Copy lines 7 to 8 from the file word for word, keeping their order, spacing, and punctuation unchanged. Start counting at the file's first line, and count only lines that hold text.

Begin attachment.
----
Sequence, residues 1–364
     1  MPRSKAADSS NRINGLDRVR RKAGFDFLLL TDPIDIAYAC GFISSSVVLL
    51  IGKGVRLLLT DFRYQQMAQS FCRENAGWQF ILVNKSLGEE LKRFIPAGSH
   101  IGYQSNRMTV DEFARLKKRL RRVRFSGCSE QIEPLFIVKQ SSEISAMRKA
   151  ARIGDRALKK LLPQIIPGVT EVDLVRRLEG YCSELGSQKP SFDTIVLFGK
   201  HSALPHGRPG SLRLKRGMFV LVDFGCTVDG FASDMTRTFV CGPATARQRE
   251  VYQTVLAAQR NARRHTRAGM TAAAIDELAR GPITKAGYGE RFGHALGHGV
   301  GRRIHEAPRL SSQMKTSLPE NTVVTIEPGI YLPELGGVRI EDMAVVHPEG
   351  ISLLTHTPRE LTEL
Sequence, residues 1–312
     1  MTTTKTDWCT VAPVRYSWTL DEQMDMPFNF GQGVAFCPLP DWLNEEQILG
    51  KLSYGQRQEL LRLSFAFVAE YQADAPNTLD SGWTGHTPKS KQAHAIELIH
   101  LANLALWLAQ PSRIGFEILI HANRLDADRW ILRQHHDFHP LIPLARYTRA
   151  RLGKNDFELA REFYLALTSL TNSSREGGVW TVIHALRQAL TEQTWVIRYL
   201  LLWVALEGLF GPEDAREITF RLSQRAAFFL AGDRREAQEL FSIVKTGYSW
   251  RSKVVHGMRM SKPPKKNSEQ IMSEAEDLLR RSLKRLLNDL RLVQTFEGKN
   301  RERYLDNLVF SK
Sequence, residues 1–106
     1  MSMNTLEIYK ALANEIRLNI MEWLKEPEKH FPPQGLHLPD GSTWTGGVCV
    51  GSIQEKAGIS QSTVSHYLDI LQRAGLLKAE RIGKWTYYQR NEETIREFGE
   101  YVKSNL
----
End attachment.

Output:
   251  VYQTVLAAQR NARRHTRAGM TAAAIDELAR GPITKAGYGE RFGHALGHGV
   301  GRRIHEAPRL SSQMKTSLPE NTVVTIEPGI YLPELGGVRI EDMAVVHPEG